ACLU Files Racial Profiling Lawsuit Against Transportation Security Administration

April 14, 2003 12:00 am

ACLU Affiliate
ACLU of Pennsylvania
Media Contact
125 Broad Street
18th Floor
New York, NY 10004
United States


PHILADELPHIA – The American Civil Liberties Union today filed a federal lawsuit against the Transportation Security Administration (TSA) for civil rights violations stemming from the wrongful arrest of a Florida doctor and former Lieutenant Colonel in the Army Reserves who was detained for hours solely on the basis of his skin color and national origin.

“It is abundantly clear that our client was subjected to the worst kind of race profiling,” said Stefan Presser, Legal Director of the ACLU of Pennsylvania, which filed the lawsuit in federal court here. “Our hope is that this lawsuit serves as a wake-up call concerning the inadequate training of those to whom the federal government has entrusted air passenger safety.”

The lawsuit seeks damages and other sanctions on behalf of Dr. Bob Rajcoomar and his wife Dorothy, who live in Florida. Dr. Rajcoomar became a victim of racial profiling last August after a flight on which air marshals subdued an unruly passenger and held other passengers at gunpoint for 30 minutes. He was arrested and detained for four tense hours after his plane landed at Philadelphia International Airport.

In September, the ACLU sent a letter to the TSA urging federal officials to investigate the reckless actions of air marshals and to take steps to improve air marshal training or otherwise safeguard the public. The ACLU filed the lawsuit today after receiving no response from the government.

“Here we have yet another example of racial profiling that hampered rather than helped security,” said Howard Simon, Executive Director of the ACLU of Florida, which joined in the lawsuit. “In total disregard for the safety and well-being of passengers, air marshals terrorized everyone on the plane and then singled out Dr. Rajcoomar because of his skin color. His detention had nothing to do with security and everything to do with blatant discrimination.”

Dr. Rajcoomar’s disturbing ordeal began shortly after take-off during a flight from Atlanta to Philadelphia on August 31, 2002, when U.S. Air Marshals were called to subdue an apparently disoriented man seated in the coach section. The air marshals rushed the unstable individual, handcuffed him, and then dragged him to the first class section, where they placed him in the seat next to Dr. Rajcoomar, a U.S. citizen and physician of Indian descent. Dr. Rajcoomar asked to have his seat changed and the flight attendant obliged. For the remainder of the flight, air marshals held passengers at gunpoint and refused to allow anyone to get up, even to use the bathroom, despite the fact that the disoriented passenger had been shackled to his seat.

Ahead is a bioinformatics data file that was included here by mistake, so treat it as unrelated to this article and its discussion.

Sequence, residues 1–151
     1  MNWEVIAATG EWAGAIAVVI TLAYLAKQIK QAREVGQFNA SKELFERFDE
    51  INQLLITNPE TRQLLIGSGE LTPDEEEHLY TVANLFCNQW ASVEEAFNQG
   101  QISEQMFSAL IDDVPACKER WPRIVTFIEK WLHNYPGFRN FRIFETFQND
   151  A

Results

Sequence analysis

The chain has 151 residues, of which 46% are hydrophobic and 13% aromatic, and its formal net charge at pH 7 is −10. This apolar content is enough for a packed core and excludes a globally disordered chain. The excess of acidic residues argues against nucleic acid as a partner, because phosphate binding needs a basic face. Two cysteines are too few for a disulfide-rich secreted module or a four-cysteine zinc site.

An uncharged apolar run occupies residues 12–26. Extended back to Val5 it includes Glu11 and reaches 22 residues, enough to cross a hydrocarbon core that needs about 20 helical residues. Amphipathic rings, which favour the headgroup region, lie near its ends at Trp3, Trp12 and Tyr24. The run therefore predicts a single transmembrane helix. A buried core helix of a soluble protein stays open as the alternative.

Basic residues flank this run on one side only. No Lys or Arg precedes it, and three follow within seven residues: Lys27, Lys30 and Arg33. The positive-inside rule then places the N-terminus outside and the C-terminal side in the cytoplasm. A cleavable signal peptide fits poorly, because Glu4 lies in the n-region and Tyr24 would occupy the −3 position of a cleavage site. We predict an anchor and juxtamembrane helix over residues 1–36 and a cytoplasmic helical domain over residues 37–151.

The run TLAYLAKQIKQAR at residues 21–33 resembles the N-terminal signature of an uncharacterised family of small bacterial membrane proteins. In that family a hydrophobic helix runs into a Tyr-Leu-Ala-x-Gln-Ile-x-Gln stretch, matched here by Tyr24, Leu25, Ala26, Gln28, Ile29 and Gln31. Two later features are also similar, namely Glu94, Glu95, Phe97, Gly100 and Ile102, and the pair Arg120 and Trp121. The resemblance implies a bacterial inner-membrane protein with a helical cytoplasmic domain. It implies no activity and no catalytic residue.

While all of the passengers were terrified, the nightmare continued for Dr. Rajcoomar after the flight landed. Air marshals handcuffed Dr. Rajcoomar without explanation and took him into the custody of Philadelphia police. His wife Dorothy, who was also on the flight, was given no information on what had happened to her husband, and because the authorities had confiscated Dr. Rajcoomar’s cellular phone, she had no way to contact him.

After four tense hours in detention, Dr. Rajcoomar was released. TSA personnel told him that he had been detained because air marshals on board the flight did not “like the way he looked.” The agency’s official explanation for Dr. Rajcoomar’s treatment is that while on board, Dr. Rajcoomar “had been observing [the actions of the air marshals] too closely.”

“A man should not be prejudged by his appearance or the color of his skin,” said Dr. Rajcoomar.

“Rather, he should be respected and judged by his moral character, deeds and gifts to humanity.”

In addition to Presser, the attorneys litigating this case are: James Green of West Palm Beach, Randall Marshall, Legal Director of the ACLU of Florida, Seth Kreimer of Philadelphia, and Reginald Shuford of the national ACLU in New York.

The case is Dr. Bob Rajcoomar and Dorothy Rajcoomar v. U.S., et al.

The ACLU complaint in the case is online at /node/35417

By completing this form, I agree to receive occasional emails per the terms of the ACLU’s privacy policy.

The latest in National Security

ACLU's Vision

The American Civil Liberties Union is a nonprofit organization whose mission is to defend and preserve the individual rights and liberties guaranteed to every person in this country by the Constitution and laws of the United States of America.

Learn More About National Security

National Security issue image

The ACLU’s National Security Project is dedicated to ensuring that U.S. national security policies and practices are consistent with the Constitution, civil liberties, and human rights.